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THE FOREIGN SERVICE JOURNAL

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JULY-AUGUST 2017

35

coal or nuclear power plant). It has mounted solar panels on

more than 700 rooftops in India. Similarly, an American startup

company furnishing off-grid electricity to rural villages was

one of the early recipients of PACE financing, and now supplies

some 200,000 people in 300 villages with electricity, where they

previously had none.

The ambitious scope of PACE has unleashed a wide range of

parallel and follow-on initiatives, involving government at all lev-

els, international financial institutions, NGOs, labs, universities

and businesses. So it is understandable that political support for

PACE remains strong in India, even following its change of gov-

ernment in 2014. Prime Minister Narendra Modi, who previously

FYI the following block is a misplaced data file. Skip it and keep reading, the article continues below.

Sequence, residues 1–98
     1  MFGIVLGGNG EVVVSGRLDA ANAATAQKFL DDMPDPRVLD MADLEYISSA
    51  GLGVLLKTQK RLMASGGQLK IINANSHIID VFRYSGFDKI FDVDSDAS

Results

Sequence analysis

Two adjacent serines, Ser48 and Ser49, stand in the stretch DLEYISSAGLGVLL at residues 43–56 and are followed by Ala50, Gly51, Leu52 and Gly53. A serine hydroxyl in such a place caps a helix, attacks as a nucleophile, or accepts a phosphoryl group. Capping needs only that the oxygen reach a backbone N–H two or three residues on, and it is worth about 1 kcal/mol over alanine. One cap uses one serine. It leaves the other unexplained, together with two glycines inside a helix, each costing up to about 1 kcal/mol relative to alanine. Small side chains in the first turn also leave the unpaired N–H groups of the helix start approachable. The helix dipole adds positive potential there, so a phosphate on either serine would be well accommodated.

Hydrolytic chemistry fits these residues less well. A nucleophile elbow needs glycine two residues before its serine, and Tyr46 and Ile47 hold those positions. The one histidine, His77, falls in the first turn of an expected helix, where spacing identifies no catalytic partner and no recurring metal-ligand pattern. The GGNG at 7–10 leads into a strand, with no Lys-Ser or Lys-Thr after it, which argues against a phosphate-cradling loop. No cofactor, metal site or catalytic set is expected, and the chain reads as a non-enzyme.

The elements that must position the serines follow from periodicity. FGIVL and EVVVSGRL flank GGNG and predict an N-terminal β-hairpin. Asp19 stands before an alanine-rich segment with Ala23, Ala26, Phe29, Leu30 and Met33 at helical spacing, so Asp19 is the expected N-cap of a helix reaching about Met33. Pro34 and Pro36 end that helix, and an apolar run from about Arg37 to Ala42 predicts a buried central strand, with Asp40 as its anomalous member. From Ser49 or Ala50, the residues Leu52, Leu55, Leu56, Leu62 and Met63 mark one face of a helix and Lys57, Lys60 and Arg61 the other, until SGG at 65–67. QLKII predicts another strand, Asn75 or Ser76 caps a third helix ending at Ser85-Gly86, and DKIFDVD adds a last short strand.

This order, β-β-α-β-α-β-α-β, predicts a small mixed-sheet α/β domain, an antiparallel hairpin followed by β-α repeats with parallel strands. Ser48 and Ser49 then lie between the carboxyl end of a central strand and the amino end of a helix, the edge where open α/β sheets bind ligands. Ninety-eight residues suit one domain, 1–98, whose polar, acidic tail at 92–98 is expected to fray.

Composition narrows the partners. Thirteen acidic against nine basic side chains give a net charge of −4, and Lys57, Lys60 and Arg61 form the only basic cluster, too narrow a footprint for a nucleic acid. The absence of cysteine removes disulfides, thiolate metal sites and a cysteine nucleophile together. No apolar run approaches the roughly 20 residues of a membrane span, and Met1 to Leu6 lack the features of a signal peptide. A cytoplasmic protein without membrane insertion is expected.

served as chief minister of Gujarat, a state that is one of India’s

most advanced solar power producers, recently announced he

would increase his country’s renewable energy target to 175 giga-

watts by 2022, 100 gigawatts of it solar.

While always aspiring to something broader, the PACE

diplomatic initiative helped realize a vision of two countries

together creating a vibrant, growing and sustainable clean

energy economy. Much remains to be done, both in India and

in many other parts of the world, but it is fair to say PACE has

gotten off to a good start and has a truly bright future.

n

A farm in Tamil Nadu uses solar power to run its water pumps

and lights.

WIKIMEDIACOMMONS/PWRDF